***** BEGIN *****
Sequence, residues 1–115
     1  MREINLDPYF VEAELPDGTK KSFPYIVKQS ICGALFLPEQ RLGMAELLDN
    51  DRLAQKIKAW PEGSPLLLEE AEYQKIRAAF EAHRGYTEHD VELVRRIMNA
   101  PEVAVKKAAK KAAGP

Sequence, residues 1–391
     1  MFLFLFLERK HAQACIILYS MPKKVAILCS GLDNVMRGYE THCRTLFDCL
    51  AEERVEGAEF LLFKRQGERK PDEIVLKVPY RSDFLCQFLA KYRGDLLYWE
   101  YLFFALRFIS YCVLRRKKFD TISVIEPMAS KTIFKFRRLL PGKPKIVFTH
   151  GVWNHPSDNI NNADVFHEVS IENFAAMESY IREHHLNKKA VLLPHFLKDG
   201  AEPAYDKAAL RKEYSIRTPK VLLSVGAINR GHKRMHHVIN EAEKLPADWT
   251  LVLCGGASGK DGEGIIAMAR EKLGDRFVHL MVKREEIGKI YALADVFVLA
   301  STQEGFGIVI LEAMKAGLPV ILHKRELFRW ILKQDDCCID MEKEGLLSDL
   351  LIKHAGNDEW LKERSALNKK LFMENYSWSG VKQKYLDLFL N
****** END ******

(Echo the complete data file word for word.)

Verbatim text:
Sequence, residues 1–115
     1  MREINLDPYF VEAELPDGTK KSFPYIVKQS ICGALFLPEQ RLGMAELLDN
    51  DRLAQKIKAW PEGSPLLLEE AEYQKIRAAF EAHRGYTEHD VELVRRIMNA
   101  PEVAVKKAAK KAAGP

Sequence, residues 1–391
     1  MFLFLFLERK HAQACIILYS MPKKVAILCS GLDNVMRGYE THCRTLFDCL
    51  AEERVEGAEF LLFKRQGERK PDEIVLKVPY RSDFLCQFLA KYRGDLLYWE
   101  YLFFALRFIS YCVLRRKKFD TISVIEPMAS KTIFKFRRLL PGKPKIVFTH
   151  GVWNHPSDNI NNADVFHEVS IENFAAMESY IREHHLNKKA VLLPHFLKDG
   201  AEPAYDKAAL RKEYSIRTPK VLLSVGAINR GHKRMHHVIN EAEKLPADWT
   251  LVLCGGASGK DGEGIIAMAR EKLGDRFVHL MVKREEIGKI YALADVFVLA
   301  STQEGFGIVI LEAMKAGLPV ILHKRELFRW ILKQDDCCID MEKEGLLSDL
   351  LIKHAGNDEW LKERSALNKK LFMENYSWSG VKQKYLDLFL N